The RCMP's K9 unit is learning new tricks thanks to six tricked-out ballistic vests that will be purchased by the Mounties.

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This article was published 17/8/2016 (1727 days ago), so information in it may no longer be current.

The RCMP's K9 unit is learning new tricks thanks to six tricked-out ballistic vests that will be purchased by the Mounties.

A $91,000 grant through Manitoba's criminal forfeiture grant program will go towards picking up the new ballistic vests designed to help protect canines in high-risk situations.

Each vest will be outfitted with two cameras and a communication system designed by Winnipeg-based company K9 Storm, which specializes in the creation of tactical K9 body armor and gear.

The camera and communication system allows officers to send a bomb-sniffing dog into an area off-leash and be able to communicate with the canine to tell it where to go. The vests also offer increased protection for the canines.

"It is a GoPro on steroids," said Sgt. Kent MacInnis at a news conference at RCMP headquarters in Winnipeg. "It will tell police and our critical incident commanders that oversea our efforts, what the canine is seeing."

Over $1.8 million in funds from the proceeds of confiscated property was funnelled to the RCMP, Winnipeg police and the province's victims services programs through the grant program.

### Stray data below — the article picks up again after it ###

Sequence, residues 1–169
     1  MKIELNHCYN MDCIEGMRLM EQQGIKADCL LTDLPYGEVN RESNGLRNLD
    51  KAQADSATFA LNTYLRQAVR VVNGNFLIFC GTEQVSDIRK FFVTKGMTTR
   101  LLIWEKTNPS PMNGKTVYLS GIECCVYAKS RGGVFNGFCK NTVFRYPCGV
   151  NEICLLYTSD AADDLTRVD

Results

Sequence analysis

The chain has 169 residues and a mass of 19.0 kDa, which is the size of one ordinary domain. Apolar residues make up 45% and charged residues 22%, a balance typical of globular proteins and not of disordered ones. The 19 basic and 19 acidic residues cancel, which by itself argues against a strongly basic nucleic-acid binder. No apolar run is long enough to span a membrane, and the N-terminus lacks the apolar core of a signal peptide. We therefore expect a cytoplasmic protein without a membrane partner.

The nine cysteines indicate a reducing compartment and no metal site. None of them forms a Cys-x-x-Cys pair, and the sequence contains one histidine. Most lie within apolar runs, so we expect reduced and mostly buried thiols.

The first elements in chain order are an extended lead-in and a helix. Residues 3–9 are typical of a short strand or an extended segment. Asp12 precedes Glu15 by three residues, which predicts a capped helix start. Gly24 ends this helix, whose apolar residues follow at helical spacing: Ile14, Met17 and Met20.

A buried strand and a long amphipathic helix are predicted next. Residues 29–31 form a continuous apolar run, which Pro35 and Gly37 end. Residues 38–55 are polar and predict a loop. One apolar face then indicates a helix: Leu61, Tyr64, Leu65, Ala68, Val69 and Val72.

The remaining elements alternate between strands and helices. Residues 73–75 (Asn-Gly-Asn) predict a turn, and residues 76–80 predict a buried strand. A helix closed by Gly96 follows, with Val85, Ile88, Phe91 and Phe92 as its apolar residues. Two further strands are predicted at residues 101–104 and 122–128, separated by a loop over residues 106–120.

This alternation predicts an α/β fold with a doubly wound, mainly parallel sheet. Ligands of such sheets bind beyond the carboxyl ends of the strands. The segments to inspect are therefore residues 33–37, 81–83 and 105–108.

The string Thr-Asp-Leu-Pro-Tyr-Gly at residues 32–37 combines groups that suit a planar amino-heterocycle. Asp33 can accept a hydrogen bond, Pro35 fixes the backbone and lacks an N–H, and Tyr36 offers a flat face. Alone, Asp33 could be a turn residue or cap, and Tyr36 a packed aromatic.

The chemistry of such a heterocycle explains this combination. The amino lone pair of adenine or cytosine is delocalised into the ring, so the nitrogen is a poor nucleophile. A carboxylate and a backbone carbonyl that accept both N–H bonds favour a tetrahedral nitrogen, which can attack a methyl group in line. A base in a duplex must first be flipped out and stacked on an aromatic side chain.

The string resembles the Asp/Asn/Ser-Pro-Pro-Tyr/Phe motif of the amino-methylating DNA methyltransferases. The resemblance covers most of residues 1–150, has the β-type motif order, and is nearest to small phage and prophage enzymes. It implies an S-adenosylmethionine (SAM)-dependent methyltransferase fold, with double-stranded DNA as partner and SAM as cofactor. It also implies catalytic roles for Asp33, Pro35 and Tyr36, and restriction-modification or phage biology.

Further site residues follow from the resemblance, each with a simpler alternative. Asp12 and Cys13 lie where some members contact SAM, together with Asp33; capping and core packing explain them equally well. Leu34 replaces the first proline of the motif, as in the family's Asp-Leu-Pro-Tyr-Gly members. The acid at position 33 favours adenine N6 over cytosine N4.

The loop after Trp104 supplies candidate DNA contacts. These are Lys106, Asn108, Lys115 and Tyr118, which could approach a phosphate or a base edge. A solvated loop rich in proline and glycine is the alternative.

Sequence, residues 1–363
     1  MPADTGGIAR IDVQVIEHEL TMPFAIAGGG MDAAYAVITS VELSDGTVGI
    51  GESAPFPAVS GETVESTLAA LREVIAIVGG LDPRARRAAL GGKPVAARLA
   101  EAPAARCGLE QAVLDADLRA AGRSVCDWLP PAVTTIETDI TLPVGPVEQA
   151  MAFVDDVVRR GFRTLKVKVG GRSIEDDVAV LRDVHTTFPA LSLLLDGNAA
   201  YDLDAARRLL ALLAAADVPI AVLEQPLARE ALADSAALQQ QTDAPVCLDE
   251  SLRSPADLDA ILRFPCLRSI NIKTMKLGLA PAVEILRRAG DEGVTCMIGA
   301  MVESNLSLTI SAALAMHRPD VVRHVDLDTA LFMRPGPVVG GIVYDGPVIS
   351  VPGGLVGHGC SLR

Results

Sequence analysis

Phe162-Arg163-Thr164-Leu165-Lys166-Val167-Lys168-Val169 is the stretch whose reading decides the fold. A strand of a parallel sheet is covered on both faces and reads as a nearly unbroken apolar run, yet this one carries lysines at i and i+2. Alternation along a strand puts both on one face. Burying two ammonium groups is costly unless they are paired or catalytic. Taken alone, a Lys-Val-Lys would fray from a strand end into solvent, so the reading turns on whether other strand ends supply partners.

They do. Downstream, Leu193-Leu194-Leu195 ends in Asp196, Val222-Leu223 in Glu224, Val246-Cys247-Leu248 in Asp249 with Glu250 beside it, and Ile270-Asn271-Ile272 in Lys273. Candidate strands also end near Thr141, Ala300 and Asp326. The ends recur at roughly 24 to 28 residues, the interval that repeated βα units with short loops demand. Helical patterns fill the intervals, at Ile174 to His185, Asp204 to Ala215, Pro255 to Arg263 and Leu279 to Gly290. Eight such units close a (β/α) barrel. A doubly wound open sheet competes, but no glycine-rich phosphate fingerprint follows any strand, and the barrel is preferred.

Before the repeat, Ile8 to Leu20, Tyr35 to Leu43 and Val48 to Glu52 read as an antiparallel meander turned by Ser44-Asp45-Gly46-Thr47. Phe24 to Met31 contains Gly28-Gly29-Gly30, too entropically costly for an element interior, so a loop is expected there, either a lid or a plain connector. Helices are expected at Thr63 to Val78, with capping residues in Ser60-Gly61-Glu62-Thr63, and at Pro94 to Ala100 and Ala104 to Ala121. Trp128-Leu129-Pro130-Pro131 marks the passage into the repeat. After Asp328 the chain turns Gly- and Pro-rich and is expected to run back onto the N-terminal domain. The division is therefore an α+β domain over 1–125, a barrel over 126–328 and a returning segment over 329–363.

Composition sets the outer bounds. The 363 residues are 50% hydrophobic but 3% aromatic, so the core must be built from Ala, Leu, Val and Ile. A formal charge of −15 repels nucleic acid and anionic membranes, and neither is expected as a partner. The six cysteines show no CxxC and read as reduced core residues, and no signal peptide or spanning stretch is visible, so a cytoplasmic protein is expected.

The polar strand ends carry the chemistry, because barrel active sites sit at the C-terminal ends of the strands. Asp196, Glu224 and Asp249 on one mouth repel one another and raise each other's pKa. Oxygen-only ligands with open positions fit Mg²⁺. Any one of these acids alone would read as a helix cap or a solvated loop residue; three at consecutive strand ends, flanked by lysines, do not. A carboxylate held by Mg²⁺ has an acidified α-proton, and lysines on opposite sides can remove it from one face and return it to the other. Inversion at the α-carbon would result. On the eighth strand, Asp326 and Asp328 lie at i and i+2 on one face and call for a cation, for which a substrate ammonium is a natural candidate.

"The criminal property forfeiture program is a unique opportunity to take money from unlawful activity and put it to good use," said Justice Minister Heather Stefanson. "The grant provides stronger supports for victims of crime, while also investing in new investigative tools, community safety initiatives and improved officer safety throughout Manitoba."

RCMP D Division will receive more than $390,000, the Winnipeg Police Service will receive more than $534,000 and Manitoba’s victims services programs will receive $450,000.

The Mounties will use the funds to buy a $100,000 mobile forensic lab and will spend $3,100 on new surveillance equipment to investigate and monitor high-risk sex offenders, among a host of other goodies.

A portable X-ray machine to determine if a suspicious pack poses a threat will be purchased by Winnipeg police for $108,500. The WPS also plans to spend $62,000 for a portable ion scanner to detect explosives.

Meanwhile, Manitoba's victims services program — which helps victims of crimes and witnesses to crimes — has doled out funds to a variety of community groups, including $45,000 for Ka Ni Kanichihk's Wipiping Away the Tears annual gathering for families of murdered and missing indigenous women. The Salvation Army's Peace of Mind program, for women who have experienced domestic violence will also received $30,000.